I had hoped for (and look forward to finding next time) a different case. There will also be local people who learned Cymraeg at school (and a few at home) who may not be using it much, or at all, but can still remember stuff. When I find someone who tries to reply in Welsh, even with difficulty, I will know there is still hope. And if I bump into a rhugl speaker who puts my bad diction in its place, I will be greatly reassured. But then I will have to pinch myself to know I am still in Wrecsam and not dreaming, or actually in Gwynedd.
Oh how we make the same mistakes over and over again! Sectarian schools do it in Scotland and Ireland and I see what you mean totally about languages. I agree all should learn both and in both. I agree, subjects taught in this or that language should depend on teachers, but real effort would be needed to get enough able to teach through Cymraeg in the south east. That in an atmosphere of “we don’t want you here!”. I have a horrible feeling, it’s doomed to fail!! I don’t think there is a #face crying buckets’ for me to use!!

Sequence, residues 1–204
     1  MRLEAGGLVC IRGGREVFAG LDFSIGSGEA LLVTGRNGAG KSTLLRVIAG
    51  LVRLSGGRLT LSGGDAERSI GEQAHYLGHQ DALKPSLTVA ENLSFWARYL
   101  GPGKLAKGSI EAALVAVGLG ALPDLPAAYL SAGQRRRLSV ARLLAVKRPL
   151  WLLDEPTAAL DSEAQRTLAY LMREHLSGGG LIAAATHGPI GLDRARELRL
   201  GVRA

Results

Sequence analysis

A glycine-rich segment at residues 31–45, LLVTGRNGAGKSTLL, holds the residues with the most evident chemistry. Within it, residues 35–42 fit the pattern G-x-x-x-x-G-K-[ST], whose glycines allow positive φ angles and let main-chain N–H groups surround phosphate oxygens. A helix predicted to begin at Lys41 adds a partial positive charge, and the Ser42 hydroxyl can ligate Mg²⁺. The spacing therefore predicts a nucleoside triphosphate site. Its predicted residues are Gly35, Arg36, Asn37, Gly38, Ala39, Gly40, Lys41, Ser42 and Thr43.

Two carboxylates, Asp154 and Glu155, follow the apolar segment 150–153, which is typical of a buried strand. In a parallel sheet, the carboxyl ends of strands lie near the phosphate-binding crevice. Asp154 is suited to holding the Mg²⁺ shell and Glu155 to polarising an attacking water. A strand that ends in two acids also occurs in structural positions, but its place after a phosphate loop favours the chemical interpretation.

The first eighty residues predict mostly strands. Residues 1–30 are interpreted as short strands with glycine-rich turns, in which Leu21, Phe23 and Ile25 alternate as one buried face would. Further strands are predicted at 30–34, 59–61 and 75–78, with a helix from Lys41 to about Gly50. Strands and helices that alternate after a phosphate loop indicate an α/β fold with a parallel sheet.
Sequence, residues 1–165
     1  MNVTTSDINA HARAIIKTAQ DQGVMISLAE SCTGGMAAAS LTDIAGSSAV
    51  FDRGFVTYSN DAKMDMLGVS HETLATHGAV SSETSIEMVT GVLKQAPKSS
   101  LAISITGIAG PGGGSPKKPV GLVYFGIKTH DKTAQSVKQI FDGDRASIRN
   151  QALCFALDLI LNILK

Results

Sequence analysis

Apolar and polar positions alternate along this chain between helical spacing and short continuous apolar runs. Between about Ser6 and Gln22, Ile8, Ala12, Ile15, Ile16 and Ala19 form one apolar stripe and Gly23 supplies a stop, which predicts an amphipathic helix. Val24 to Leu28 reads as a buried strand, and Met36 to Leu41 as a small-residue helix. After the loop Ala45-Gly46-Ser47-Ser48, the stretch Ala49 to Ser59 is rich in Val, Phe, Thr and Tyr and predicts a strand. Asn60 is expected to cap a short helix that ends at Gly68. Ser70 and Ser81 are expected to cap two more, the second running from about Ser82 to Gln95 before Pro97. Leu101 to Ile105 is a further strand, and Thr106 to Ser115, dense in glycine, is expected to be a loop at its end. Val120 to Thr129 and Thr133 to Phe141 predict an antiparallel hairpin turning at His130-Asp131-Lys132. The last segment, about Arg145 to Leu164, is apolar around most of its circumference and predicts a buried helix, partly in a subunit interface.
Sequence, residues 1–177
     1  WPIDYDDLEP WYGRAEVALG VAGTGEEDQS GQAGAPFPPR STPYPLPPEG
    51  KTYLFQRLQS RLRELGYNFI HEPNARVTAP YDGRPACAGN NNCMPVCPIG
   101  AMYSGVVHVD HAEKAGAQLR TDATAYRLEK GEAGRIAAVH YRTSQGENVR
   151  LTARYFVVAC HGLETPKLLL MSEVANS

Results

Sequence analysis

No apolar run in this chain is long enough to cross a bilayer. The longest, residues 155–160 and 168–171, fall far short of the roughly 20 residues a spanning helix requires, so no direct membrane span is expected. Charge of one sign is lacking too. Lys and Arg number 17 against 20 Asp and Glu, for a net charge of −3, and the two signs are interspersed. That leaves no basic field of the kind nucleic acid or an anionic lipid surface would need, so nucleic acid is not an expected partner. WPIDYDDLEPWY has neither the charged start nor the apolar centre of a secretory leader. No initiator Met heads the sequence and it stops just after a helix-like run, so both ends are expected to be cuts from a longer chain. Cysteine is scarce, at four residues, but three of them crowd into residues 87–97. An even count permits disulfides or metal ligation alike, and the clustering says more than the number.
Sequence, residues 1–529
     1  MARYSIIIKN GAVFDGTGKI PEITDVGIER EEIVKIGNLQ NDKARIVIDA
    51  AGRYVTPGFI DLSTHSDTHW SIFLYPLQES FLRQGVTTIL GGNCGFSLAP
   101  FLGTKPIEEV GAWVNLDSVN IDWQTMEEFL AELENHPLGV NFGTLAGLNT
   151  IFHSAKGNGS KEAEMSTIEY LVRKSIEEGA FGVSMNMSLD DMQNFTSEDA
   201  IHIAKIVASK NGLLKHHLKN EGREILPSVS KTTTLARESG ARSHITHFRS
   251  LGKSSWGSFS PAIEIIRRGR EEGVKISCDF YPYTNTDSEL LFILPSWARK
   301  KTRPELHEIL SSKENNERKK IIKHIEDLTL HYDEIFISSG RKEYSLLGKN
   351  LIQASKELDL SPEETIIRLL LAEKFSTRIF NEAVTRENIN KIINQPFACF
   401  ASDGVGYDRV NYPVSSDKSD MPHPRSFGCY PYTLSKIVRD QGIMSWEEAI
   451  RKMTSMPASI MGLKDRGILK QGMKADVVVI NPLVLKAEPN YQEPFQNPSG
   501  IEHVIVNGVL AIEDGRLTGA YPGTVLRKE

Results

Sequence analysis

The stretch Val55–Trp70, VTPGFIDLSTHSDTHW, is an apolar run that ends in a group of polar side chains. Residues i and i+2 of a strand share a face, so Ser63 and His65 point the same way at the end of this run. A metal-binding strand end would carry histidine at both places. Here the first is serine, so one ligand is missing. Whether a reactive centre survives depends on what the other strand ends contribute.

But why? Language supporters all have there reasons for wanting to learn and/or promote the language, but I’m not sure we shout loudly enough about WHY we feel so strongly.
Sure, kids are given a list of ‘reasons’ to learn Welsh, including things like, ‘for more job opportunities’, but if you already see Welsh as irrelevant, then that and other superficial reasons have little weight.
The language must become relevant ‘in real life’, so that speaking can progress beyond the school gates.
My answer to why? Because learning another language enriches your life and opens doors to new cultural experiences. That’s probably a hard sell to a pre-GCSE student, but I’m sure some skilful storyteller/film maker could make a good job of it.